While the legislation setting a hard date to end analog television remains in Congressional limbo through January, a key House leader has signaled that over-the-air television broadcasters can forget about such issues as multichannel must-carry and the broadcast flag this year.
Rep. Fred Upton (R-MI), chairman of the House Energy and Commerce subcommittee on telecommunications and the Internet, said his panel would not consider additional legislation this year relating to digital television, the National Journal reported. Upton’s comments came during an appearance at the recent Consumer Electronics Show in Las Vegas.
Upton said he doesn’t see Congress opening up the DTV legislation within a second bill, and noted that an upcoming rewrite of the 1996 Telecommunications Act will dominate the time of legislators this year.
Although last year’s legislation is still waiting for final House approval, Congress has agreed upon a bill that would terminate analog television broadcasting as of Feb. 17, 2009, and offer a consumer subsidy of up to $1.5 billion for the purchase of set-top boxes necessary for analog-based televisions to receive over-the-air digital signals.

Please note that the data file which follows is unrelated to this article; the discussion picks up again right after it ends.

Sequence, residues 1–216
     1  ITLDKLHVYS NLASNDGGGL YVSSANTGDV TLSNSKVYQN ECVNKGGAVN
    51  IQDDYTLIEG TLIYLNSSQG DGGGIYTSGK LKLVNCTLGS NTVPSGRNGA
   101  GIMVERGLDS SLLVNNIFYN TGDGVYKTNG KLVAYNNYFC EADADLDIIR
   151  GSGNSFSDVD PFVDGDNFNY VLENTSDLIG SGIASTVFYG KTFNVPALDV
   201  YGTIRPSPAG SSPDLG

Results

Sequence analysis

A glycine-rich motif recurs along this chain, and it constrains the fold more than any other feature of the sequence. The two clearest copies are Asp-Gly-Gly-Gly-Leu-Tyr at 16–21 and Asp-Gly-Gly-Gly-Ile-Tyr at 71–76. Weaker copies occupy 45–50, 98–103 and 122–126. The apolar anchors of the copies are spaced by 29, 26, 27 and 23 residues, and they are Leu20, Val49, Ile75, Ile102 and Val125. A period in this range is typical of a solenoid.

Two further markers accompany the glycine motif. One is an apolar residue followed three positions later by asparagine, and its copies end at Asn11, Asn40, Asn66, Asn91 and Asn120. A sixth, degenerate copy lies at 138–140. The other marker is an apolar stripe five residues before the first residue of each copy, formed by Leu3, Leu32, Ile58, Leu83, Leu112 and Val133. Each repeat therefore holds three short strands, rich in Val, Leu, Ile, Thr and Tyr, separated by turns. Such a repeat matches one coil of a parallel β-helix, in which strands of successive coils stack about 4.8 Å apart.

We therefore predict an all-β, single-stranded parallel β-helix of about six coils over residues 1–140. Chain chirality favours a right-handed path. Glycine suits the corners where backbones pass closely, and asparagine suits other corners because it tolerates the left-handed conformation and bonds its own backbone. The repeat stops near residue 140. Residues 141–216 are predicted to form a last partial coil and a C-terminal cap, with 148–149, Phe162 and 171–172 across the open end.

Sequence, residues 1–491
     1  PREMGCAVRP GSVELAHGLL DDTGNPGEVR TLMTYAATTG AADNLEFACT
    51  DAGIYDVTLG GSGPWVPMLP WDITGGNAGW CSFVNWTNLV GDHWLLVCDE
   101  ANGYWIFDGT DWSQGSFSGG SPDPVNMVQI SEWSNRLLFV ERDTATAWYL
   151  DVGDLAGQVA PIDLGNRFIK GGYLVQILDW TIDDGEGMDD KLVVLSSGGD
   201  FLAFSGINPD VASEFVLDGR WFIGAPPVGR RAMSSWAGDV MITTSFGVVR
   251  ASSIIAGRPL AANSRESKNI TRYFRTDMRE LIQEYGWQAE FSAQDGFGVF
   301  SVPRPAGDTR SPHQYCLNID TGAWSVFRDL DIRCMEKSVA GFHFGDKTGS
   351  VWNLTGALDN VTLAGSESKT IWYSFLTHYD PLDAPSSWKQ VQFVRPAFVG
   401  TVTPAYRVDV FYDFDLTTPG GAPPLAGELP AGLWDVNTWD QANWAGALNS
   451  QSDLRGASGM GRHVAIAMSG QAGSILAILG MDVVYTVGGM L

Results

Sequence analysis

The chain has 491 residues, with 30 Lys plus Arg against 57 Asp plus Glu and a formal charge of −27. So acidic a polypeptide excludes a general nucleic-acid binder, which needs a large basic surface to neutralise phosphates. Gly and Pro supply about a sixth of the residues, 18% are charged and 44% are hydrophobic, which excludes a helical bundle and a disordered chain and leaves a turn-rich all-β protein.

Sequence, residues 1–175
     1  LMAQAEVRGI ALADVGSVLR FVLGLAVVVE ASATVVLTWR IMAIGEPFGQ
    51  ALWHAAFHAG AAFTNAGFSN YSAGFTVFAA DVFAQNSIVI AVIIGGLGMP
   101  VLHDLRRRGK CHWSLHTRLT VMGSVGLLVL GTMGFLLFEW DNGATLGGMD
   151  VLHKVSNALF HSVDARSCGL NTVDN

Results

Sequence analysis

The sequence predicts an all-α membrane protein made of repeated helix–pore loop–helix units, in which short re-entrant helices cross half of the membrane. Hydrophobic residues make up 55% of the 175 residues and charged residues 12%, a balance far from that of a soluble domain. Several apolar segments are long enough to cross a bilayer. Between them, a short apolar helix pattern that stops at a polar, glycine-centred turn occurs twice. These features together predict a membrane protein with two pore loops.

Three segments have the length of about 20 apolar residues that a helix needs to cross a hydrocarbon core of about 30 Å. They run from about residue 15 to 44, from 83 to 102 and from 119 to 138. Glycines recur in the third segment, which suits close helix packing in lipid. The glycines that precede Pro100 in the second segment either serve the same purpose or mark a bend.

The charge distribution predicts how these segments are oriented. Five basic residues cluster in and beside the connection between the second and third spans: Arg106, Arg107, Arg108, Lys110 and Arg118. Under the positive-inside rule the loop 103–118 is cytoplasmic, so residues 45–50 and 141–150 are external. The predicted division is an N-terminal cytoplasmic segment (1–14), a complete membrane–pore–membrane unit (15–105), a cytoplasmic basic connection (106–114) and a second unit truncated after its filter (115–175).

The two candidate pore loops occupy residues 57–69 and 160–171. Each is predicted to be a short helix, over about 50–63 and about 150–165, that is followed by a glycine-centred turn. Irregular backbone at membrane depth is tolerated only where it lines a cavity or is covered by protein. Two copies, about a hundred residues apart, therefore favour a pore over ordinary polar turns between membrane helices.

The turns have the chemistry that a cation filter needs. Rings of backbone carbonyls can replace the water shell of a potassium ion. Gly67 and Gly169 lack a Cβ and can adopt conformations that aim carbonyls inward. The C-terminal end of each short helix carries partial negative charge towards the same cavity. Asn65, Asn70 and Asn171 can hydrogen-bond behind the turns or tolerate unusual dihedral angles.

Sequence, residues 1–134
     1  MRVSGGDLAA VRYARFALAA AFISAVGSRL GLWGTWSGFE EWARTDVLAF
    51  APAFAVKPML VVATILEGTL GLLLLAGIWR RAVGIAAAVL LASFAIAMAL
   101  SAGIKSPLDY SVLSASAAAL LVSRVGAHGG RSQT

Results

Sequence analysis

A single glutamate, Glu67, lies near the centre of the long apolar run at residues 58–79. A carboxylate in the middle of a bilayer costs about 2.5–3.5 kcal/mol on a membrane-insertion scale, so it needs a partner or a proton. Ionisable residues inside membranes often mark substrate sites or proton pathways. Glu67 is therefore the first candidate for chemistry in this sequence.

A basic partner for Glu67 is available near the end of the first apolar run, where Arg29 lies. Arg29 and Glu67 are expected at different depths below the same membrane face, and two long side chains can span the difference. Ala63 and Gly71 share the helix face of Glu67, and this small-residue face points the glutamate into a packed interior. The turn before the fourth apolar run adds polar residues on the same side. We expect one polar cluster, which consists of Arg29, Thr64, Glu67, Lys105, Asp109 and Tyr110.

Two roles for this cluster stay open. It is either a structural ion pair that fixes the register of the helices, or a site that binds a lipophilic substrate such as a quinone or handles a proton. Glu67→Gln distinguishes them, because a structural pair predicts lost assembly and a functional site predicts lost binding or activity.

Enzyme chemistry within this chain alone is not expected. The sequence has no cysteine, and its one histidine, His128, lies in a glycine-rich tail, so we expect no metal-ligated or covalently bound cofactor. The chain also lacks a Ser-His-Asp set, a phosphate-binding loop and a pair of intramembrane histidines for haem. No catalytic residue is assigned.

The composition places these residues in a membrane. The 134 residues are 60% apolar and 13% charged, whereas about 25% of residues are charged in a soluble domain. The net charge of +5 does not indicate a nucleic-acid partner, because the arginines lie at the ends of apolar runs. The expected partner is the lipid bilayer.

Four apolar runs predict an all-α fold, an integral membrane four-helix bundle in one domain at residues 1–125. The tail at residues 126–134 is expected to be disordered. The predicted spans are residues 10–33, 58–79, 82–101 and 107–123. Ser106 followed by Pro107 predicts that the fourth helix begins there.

Upton said the Republican-controlled House intends to simply pass the Senate version of the reconciliation bill Feb. 1, the House’s first full day back in session this year.
However, in reaching a House-Senate compromise on DTV late last year, a major provision of the original House bill was removed. The provision would have allowed cable operators to downconvert high-definition signals for analog cable customers.
By removing that provision, the final DTV bill would require as many as 40 million television households to upgrade and pay additional fees for digital cable service.
Upton acknowledged that and other more minor provisions missing from the bill, but said those issues are simply not important enough to be addressed this year.
For broadcasters, however, the lack of a second DTV bill means several major initiatives are now indefinitely stalled. Multichannel must-carry, an issue broadcasters have claimed is essential to their future, appears dead, at least for the foreseeable future. Ditto for the controversial broadcast flag, an embedded copy protection system for broadcast programming.